COVID-19: These Indian-American Women Are Leading Remdesivir Trial

“We’re hopeful about Remdesivir, but we are already planning for what the next drug might be,” says Dr Neera Ahuja

Rudrani Gupta
May 01, 2020 14:12 IST
New Update
Meet The Indian Women In Clinical Trials Of Remdesivir Drug Against COVID-19

Coronavirus has infected more than three million people worldwide and claimed 234,408 lives. In an effort to contain it, the scientists and researchers are trying to find a potential anti-viral drug that can help eradicate COVID-19. Stanford University has begun the phase three human trial of the antiviral drug Remdesivir. On-board are two women Stanford Medicine professionals- Dr Aruna Subramanian and Dr Neera Ahuja- who are leading the investigations team appointed for the large-scale trial. Here's what you should know about them


Dr Aruna Subramanian

Based out of Palo Alto in California, Dr Aruna Subramanian is a trained doctor in infectious disease and she is the Chief of the Immunocompromised Host Infectious Diseases and Clinical Associate Professor in the Division of Infectious Diseases at Stanford University.

She received her medical education from the University of Michigan Medical School in 1994. She also achieved board certifications in both infectious disease and internal medicine, which she achieved at the American Board of Internal Medicine in the year 1999 and 1997 respectively. Dr Subramanian is the recipient of the Johns Hopkins University Division of Infectious Diseases Fellowship of 2000 where she pursued her MD. In 2018, Dr Subramanian was honoured with the Fellowship American Society of Transplantation (FAST).

Dr Subramanian is also a trained South Indian classical dancer. Her daughter is known to perform South Indian classical dance, being part of a dance troupe. Dr Subranaian also helps in organising classical dance performances across the US.

Also Read: Aruna Subramanian is leading study for potential COVID-19 drug Remdesivir

Dr Subramanian is acting as the co-principal investigator of the Remdesivir trial at Stanford. Talking about how the whole process of research and trial of the drug had to be accelerated owing to the increasing global crisis, she said, “We got everything together in a week and were ready to roll. This was record time. This type of thing normally takes two to three months to get on board.”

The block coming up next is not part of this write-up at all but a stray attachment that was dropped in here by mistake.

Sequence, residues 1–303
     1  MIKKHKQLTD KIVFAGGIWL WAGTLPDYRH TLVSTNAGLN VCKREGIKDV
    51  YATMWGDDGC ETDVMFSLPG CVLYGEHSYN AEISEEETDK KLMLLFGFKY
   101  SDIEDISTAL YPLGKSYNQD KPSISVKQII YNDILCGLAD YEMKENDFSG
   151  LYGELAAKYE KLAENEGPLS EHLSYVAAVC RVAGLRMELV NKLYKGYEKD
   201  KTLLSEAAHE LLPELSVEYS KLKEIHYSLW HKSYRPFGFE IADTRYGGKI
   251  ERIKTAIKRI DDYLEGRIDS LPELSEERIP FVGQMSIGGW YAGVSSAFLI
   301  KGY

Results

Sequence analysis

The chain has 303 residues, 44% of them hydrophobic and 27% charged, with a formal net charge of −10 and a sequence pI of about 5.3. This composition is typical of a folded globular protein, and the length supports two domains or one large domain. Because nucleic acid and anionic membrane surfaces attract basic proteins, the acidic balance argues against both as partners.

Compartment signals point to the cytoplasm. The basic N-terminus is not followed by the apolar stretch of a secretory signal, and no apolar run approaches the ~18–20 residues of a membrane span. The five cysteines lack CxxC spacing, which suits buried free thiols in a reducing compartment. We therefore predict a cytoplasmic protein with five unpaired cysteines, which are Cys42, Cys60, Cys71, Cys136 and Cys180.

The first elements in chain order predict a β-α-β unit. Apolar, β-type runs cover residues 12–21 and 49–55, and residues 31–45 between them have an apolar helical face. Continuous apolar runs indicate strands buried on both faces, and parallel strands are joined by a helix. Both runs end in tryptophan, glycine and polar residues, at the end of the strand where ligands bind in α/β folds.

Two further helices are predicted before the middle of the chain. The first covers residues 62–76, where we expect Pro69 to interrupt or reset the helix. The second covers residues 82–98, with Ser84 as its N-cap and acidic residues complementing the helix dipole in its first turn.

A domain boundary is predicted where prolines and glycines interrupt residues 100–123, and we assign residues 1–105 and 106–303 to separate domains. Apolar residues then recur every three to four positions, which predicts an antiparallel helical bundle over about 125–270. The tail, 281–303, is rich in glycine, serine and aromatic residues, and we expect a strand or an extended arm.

Dr Neera Ahuja

Dr Neera Ahuja is the principal investigator of the Gilead’s Remdesivir trial. She is the Division Chief of Hospital Medicine at Stanford. Dr Ahuja completed her BA at UC Berkeley and pursued her MD at the University of Texas Health Sciences Center, Houston. Later at UTHC, she got the training and board certification in internal medicine and paediatrics. In 2008, she joined Stanford University as the clinical associate professor of hospital medicine.

We’re hopeful about Remdesivir, but we are already planning for what the next drug might be

Her Achievements at Stanford

Between 2009-2019, Dr Ahuja worked as the associate program director of the Internal Medicine Residency Program. She also built a hospital medicine program at the Department of Medicine. In 2011, she was appointed as the Director of the Hospitalist Program. She stayed on that post till 2017. In the same year, she also became the medical director of General Medicine Inpatient Ward and recruited many brilliant clinical faculties in the hospital medicine group. Dr Ahuja is the recipient of the Gold-Headed Cane Award for her compassion and dedication to medicine and to serve. She also received the Gold Rattle Award for her excellence in clinical teaching.

Also Read: Virus researcher Gagandeep Kang breaks down India's corona challenge

The clinical focus of Dr Neera Ahuja centers around general inpatient medicine and its quality improvement, clinical trials, and internal medicine among others. On being a part of the Remdesivir clinical trial, Dr Ahuja said, "Ours is an adaptive trial, which means that if Remdesivir doesn’t work, we can quickly move on to testing the next, most promising drug without any gap in time,” She is hopeful that Remdesivir might prove to be a success in fighting COVID-19. “We’re hopeful about Remdesivir, but we are already planning for what the next drug might be," said she, adding, “We want patients to get any possible treatments that might benefit them as soon as possible."


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